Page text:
They may be intense competitors afloat, but the J/09s’ shared enthusiasm blossoms into friendship and conviviality ashore, and with this year’s fleet pushing through the fifteen mark, we’re talking of quite a gathering of like-minded people, as the rules for the class in Ireland permit an all-up weight of 650 kilos for the crew in addition to the owner, which can mean an on-deck complement of seven to eight, and sometimes nine. However, as a reflection of the class’s family-oriented ethos, under the International Rules you’re allowed to carry an additional “lightweight person” not weighing more than 60 kilos (132 lbs), so while there may be modifications for dedicated national or other championship events, there’s a very human face to the regulations.
That said, in browsing through them I came across Rule 6.3 which will be of interest to those concerned about J/109s careering around the bay with their retractable bowsprits extended like the lances of knights of yore at a jousting tournament, for Rule 6.3 clearly states: “The bowsprit shall be retracted when not in the process of setting, flying or taking down the spinnaker. When approaching the weather mark without the spinnaker set, the bowsprit shall not be extended until the bow of the boat passes the mark. The penalty for failure to comply with this rule shall be one 360 degree turn taken before the finish of the race.”
Serious stuff perhaps, but while the J/109s are indeed serious in their competition, they look forward to their après sailing with all the enthusiasm of their top class. This weekend’s programme is both user-friendly in terms of time use and event design, and with sponsorship from the Porter House of Dingle Gin fame, plus North Sails and UK Sails and Kraken Rum, there’s every chance of quite a party in the Royal Irish YC tonight.
But they have to be serious in the sociability control area, for tomorrow morning with three races scheduled they’re going to have the addition experience of being video-coached by Prof O’Connell of North Sails, and as was discovered when he came to Howth recently with RIB and camera, he takes no prisoners when making his comments…..
With the success of Storm, Howth is seeing extra J/109 interest, and today’s fleet with include the peninsula port’s J/109 Indian (Colm Buckley & Simon Knowles), acquired last year from the ready pool of used J/109s available in the Solent area, while the busy fleet in the Irish Sea may have suffered the loss of Nigel Ingrams’ Just Jay in the destruction of Holyhead Marina in Storm Emma on March 1st, but he has leapt onto another horse with the acquisition of sister-ship Jetstream from Pwllheli.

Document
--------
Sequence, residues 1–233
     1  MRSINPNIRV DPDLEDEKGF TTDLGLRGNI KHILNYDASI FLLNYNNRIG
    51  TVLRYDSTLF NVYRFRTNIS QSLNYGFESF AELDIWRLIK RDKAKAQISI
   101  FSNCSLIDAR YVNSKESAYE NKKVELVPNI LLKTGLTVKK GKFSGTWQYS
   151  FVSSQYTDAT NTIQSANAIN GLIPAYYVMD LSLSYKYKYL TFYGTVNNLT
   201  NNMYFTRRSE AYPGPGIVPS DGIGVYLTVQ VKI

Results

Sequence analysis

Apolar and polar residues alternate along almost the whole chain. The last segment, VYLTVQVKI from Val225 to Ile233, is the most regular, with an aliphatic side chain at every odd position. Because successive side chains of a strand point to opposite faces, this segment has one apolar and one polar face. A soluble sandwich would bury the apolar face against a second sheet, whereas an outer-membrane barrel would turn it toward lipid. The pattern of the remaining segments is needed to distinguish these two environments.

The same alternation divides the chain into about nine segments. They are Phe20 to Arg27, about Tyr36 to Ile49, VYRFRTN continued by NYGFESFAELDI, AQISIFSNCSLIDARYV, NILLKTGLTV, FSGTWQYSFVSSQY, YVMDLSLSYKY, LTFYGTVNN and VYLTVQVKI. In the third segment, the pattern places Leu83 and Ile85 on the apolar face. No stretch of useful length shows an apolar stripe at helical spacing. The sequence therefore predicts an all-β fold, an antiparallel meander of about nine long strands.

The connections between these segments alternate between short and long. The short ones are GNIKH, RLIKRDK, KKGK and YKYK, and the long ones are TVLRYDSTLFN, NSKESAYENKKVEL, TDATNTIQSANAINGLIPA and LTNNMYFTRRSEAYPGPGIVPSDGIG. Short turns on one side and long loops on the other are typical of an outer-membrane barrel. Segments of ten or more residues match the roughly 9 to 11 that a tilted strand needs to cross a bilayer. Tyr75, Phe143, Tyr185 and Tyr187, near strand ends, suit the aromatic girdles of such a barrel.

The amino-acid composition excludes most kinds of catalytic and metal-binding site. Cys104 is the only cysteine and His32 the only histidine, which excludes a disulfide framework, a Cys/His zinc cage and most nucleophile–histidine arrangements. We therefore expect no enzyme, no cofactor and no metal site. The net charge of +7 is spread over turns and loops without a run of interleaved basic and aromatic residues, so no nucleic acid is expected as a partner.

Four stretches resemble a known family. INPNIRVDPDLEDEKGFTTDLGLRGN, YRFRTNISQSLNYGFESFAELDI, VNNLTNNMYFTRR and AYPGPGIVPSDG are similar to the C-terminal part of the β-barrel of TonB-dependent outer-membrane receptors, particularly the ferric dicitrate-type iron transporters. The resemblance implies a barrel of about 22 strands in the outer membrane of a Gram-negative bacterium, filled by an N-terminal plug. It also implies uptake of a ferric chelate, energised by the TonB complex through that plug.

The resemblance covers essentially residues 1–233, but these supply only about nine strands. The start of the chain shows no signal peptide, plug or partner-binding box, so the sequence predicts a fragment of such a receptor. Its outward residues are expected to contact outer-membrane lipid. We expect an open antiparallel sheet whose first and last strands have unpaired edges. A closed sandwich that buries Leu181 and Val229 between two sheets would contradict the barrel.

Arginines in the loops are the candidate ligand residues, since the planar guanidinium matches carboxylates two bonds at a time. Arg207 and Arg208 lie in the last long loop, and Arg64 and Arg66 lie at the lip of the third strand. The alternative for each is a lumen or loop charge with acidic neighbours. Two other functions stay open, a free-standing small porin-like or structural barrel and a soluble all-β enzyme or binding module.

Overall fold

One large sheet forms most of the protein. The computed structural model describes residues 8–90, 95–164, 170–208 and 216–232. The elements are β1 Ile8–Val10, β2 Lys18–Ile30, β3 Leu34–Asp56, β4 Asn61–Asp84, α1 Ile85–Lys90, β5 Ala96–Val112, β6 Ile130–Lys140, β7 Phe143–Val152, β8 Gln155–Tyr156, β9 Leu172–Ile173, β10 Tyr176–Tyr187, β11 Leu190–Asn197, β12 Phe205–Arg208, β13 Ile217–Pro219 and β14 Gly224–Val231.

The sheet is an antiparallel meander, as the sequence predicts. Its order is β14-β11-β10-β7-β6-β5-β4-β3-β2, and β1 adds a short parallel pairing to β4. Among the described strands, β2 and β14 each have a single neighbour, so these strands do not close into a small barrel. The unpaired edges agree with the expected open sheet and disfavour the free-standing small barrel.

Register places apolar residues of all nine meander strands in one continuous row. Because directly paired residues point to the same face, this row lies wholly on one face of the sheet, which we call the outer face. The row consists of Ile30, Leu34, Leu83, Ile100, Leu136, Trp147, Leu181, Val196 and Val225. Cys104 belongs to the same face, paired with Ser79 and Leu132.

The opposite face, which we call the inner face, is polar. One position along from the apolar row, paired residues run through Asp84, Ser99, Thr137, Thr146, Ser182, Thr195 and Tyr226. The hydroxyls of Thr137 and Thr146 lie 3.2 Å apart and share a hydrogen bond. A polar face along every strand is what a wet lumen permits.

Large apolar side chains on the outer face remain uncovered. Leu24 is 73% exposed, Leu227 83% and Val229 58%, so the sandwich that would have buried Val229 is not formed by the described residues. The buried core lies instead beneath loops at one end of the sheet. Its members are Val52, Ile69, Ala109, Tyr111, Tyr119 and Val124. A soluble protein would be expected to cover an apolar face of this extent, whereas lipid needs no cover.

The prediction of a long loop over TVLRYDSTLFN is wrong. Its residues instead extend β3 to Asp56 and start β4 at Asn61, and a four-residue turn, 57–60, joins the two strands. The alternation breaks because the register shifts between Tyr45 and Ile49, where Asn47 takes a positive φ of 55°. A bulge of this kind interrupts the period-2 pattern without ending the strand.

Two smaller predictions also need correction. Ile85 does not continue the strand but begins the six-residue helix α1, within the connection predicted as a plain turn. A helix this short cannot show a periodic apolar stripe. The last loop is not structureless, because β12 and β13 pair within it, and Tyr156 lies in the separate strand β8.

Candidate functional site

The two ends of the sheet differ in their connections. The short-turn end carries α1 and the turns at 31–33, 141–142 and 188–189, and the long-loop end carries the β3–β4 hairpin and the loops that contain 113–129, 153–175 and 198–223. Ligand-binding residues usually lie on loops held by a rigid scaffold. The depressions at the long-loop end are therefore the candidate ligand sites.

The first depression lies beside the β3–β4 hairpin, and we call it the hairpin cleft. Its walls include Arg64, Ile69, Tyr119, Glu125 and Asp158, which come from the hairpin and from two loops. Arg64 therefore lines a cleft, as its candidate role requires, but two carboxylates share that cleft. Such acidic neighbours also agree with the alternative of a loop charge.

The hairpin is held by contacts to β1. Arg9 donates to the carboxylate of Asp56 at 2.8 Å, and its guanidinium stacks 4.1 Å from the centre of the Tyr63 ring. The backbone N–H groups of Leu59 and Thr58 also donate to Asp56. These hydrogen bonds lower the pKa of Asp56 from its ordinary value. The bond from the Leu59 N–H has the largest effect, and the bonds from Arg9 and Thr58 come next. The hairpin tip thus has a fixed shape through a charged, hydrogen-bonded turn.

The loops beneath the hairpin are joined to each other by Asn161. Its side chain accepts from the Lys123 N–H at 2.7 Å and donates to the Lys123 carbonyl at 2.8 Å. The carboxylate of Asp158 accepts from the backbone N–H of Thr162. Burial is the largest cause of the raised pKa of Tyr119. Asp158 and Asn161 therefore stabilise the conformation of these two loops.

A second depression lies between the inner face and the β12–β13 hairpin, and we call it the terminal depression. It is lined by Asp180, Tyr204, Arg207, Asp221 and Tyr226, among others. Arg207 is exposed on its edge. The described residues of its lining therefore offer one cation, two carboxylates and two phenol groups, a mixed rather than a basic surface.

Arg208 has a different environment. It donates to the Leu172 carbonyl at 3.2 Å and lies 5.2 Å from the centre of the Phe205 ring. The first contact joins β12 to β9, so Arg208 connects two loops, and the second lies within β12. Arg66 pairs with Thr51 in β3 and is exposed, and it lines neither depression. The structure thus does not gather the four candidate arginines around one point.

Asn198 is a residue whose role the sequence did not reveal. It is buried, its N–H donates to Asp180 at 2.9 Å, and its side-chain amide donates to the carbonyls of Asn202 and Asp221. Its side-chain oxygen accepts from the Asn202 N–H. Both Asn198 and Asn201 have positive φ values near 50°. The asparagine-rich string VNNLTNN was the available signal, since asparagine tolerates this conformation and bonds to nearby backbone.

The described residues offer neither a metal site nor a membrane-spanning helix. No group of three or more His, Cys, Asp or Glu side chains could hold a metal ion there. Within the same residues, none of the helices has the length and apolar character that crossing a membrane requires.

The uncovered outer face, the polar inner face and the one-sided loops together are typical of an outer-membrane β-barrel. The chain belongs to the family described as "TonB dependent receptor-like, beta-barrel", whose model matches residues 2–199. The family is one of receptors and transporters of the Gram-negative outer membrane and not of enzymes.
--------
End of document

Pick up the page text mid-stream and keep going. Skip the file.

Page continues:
However, the final word on the special attraction of the J/109 for sailing in the Dublin area deserves to be left with current class captain Andrew Craig, whose Chimaera will be one of the favourites for this weekend’s championship:
“The attraction is the diversity. Every so often we come together as a One-Design class as is seen this weekend, yet even this associates us fully in another classic with the Dublin Bay SC Saturday coastal race, as does the Wave Regatta with the Lambay Race at Howth. Only the Nationals are a total stand-alone event. At other times, everyone has their other interests which can be successfully incorporated into each boat’s preferred seasonal programme. Everything from the Nationals to the Beaufort Cup in Volvo Cork Week (won in 2016 by John Maybury’s J/109 Joker II skippered by Commandant Barry Byrne), to the Round Ireland or the Dun Laoghaire to Dingle Races or Calves Week or the Scottish Series, or cruising to West Cork and Kerry or the Lambay Race back on the East Coast– you’ll find our J/109s are doing these things as a class or on their own initiative. It makes for extremely interesting sailing sport with a wonderful diversity of people. And most of it is all happening very conveniently just down the road.”